Pflugerville ISD won't close schools to save money, but a budget deficit looms
The Pflugerville Independent School District, which is facing a multimillion-dollar budget deficit, is no longer looking at closing campuses as a way to reduce costs.
“I am not going to make a recommendation to close a school tonight,” Superintendent Douglas Killian wrote in an email to staff about 15 minutes before Thursday’s school board meeting began. “I’m going to continue to try to work magic with smaller cuts and state advocacy. I need your help though.”
Killian urged PfISD families and staff to demand the Texas Legislature increase state funding for public education. He has made this call to action repeatedly since the district first announced the potential school closures in December.
"There is no reason any school should have to close when the state has $33 billion in the bank."PfISD Superintendent Douglas Killian
Initially, PfISD officials were researching the potential impact of closing two to three elementary schools from among six campuses. That was later whittled down to just Dessau Elementary.
Killian said the district could be in the same position next year if Texas does not increase funding for public schools during the current legislative session.
“There is no reason any school should have to close when the state has $33 billion in the bank,” he said, referring to the state's surplus.
Killian also said it will be vital to increase enrollment and make sure kids show up to school regularly. Texas largely funds schools based on attendance, so when students miss class, districts lose money.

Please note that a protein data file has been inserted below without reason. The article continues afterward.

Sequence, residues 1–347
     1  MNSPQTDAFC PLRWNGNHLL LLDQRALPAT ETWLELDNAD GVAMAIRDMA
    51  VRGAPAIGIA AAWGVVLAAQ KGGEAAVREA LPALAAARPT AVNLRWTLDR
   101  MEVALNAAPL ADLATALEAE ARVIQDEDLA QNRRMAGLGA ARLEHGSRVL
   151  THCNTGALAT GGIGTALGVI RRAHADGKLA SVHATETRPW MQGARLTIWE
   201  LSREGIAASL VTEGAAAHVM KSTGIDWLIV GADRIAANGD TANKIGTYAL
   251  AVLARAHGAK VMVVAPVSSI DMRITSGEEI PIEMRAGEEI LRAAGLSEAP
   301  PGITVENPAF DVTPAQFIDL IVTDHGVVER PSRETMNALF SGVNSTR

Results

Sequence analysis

Pflugerville ISD started out the school year with a $3.2 million budget deficit. The deficit has grown to about $7 million since December because student enrollment and attendance is lower than what PfISD predicted. Jennifer Land, the district’s chief financial officer, said that will affect the 2023-2024 budgeting process.
“It means that when we look at where we’re starting [for next year's budget] we’re looking at a larger deficit than we originally anticipated,” she said.
PfISD’s payment into the state’s recapture system has also ballooned. The district expected it to be about $12 million but, again, because of lower enrollment and student attendance — as well as high property values — it will likely pay the state about $20 million.
Austin-area Democrats have filed several bills in the Texas House to increase how much the state spends on public education that would benefit PfISD. State Rep. Gina Hinojosa’s House Bill 31, which has bipartisan support, would fund schools based on enrollment rather than attendance. Rep. Donna Howard is backing a bill to adjust per student funding based on inflation. If passed, it would raise the basic allotment — which is the minimum amount Texas spends on each student — from $6,160 to $7,075. Rep. James Talarico is behind a bill to give teachers a $15,000 raise.
After the superintendent revealed no schools would be closed for the next school year, parents could breathe a a momentary sigh of relief.
“I really do feel like this is a win for families,” said Frannie Sanchez, who attended Thursday's school board meeting. “I feel like I can sleep again tonight.”